By Alastair Sloan
David Cameron's decision this week to allow Parliament a vote on extending air strikes from Iraq into Syria was not a reaction to the Paris attacks, though the timing may feel that way. No, the real reason for Cameron's passion for military action dates back to his failed bid to intervene against Assad in 2013. Back then UK's standing in the international community dropped dramatically after Cameron's unprecedented and mortifying defeat, which collapsed international will to act against Assad early on in the revolution. His excuse was that he had been backstabbed by his political opponents acting outside the national interest, but international allies have been suspicious of his abilities ever since.
This collapse in confidence hasn't spelled Britain's fall from the top table however. The rise of the Islamic State last year presented a clear opportunity for Cameron to prove that the UK could still step up in times of need. Yet when the US-led Coalition was formed in September, Cameron's performance didn't go far enough. Air strikes in Iraq were approved, but not in Syria – across a border the Islamic State didn't recognise. The UK would supply reconnaissance support only, leaving allies to fly the strike missions.
Doubts therefore remained among the UK's allies. Under pressure but uncertain if he would win a second vote, Cameron wisely decided to hold off a vote until after the May elections. An unexpected but slim Parliamentary majority put him in a strong position, but the election of a wildcard anti-imperialist Labour leader Jeremy Corbyn shook Cameron's nerve. Then came the horrific Paris attacks and the legal mandate of a UN resolution.
But what Cameron is now doing is strategically wrong. Simply for the sake of supporting our Western allies - the prime minister wants Britain to legitimise a failing strategy which is only exacerbating the wider Syrian civil war. US-led coalition bombers have been running out of targets for months, as ISIS take cover, and have only killed two thousand ISIS fighters to date. Meanwhile the group is able to recruit faster than anyone predicted, preying on or inspiring disaffected young Muslims from all over the world at unprecedented rates, which rapidly increased once airstrikes began. The people of Raqqa, living under ISIS, have even appealed to Cameron not to risk so many civilian lives for no material gain, saying it will be civilians that suffer, not ISIS.
While finally presenting his much-anticipated proposal last week, Cameron unexpectedly announced the UK had found 70,000 moderate rebels with whom the RAF would be co-ordinating strikes. How this number was reached, and what counts as a “moderate rebel,” remain unknown, as does the level of co-ordination that Cameron has already agreed with them, or how much he really knows about their ability and intentions. The UK's intelligence networks, currently run out of MI6's office in Amman, are grievously stretched. Foreign journalists – often a key source of information - have fled Syria. Aid workers, another standard source of information, are increasingly unavailable. Meanwhile the Foreign Office has suffered huge cuts – meaning record lows in embassy staff and intelligence gathering abilities.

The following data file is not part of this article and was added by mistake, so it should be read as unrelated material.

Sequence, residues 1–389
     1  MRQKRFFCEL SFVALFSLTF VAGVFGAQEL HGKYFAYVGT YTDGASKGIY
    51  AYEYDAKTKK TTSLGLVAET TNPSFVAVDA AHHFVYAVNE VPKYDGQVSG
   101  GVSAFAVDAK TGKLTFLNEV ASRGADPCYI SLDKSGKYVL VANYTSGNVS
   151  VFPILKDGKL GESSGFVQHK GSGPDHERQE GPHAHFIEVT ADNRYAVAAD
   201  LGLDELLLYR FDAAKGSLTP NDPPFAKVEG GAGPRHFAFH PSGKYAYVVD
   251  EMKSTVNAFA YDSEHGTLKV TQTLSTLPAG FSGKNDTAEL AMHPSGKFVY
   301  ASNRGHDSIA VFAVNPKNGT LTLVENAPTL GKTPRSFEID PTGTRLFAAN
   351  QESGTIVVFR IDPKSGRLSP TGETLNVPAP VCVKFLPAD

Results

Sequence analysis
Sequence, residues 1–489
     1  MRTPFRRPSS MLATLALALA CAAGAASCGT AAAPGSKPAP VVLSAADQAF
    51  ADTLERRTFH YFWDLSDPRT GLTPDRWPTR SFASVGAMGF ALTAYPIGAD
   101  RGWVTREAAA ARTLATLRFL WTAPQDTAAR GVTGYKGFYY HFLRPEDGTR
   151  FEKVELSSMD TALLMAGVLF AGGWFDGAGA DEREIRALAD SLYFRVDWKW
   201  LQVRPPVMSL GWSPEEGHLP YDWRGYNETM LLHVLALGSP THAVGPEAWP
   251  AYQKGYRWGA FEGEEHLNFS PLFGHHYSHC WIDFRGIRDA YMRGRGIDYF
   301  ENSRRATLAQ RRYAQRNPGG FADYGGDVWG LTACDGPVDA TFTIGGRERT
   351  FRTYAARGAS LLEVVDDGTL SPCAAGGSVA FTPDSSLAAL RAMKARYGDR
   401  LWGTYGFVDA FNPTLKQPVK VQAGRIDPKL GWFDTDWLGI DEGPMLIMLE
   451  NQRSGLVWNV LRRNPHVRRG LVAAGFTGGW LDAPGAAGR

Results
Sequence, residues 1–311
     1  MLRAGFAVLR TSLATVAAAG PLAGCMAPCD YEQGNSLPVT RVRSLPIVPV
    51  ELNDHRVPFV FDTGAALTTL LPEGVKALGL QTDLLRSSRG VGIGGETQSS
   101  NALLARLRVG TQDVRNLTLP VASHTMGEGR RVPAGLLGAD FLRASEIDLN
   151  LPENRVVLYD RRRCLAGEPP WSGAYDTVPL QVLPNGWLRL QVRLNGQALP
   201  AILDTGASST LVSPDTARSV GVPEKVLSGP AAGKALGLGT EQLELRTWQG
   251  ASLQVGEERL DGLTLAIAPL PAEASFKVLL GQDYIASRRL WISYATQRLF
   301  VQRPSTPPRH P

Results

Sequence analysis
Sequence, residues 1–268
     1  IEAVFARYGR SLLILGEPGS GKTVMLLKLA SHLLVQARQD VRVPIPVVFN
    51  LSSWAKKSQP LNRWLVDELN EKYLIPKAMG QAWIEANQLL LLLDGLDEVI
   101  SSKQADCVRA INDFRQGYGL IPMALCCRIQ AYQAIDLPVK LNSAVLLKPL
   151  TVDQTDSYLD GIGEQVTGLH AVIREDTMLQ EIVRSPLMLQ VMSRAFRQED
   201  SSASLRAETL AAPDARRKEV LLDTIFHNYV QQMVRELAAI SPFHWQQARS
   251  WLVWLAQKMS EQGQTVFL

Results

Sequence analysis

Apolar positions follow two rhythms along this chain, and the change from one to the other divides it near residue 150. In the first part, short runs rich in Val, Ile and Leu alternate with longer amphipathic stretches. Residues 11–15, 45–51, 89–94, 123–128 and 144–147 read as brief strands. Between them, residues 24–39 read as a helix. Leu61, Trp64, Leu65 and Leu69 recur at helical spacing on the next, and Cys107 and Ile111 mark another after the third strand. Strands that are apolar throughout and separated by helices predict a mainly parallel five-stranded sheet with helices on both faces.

Cameron may be smart enough to know all this – to know that airstrikes won't make a difference, that the rebel alliance is overblown and little understood, that the plan will never make a meaningful impact on Islamic State capabilities. He re-assures us that a political solution is in the offing – but the signs are not positive. Only a major compromise between the Gulf and Turkey-backed Sunni rebels and Iranian and Russian-backed President Assad will ever bring peace – yet neither side is yet ready to back down. If the war continues, the instability within which extremists groups thrive will only sprout more radical groups for us to fight.
On Monday, the UAE formally announced they were ready to commit ground troops to "fight jihadists." Like the Saudis, Abu Dhabi officials have been pushing for an international deployment for months. Belgium has just said similar. Whether they will come good on these promises will rely on what more powerful countries decide to do. The French are so angry and afraid they would have already deployed troops if they could only have achieved a better international coalition . At present – there is limited but increasing appetite across the West for action, but a change in President might mean the Americans eventually support such an escalation, especially if ISIS are able to carry out an attack as spectacular as Paris on American soil. Russia and Iran would no doubt strengthen Assad in response to any increased Western deployment. All the red lights are flashing. Cameron should be speaking out against the dangers posed by these airstrikes, not blindly supporting them. Instead he remains myopic in his pursuit of what would merely be a symbolic but costly gesture. Instead the prime minister should remember our ultimate obligation isn't blindly bending to our allies, but to maintaining global peace and stability. Simply following the crowd won't achieve that.
Alastair Sloan writes columns about international affairs and human rights for Al Jazeera, Middle East Monitor and The Daily Star in Lebanon. He also contributes to The Guardian and The New Statesman about British politics. Follow him on Twitter.
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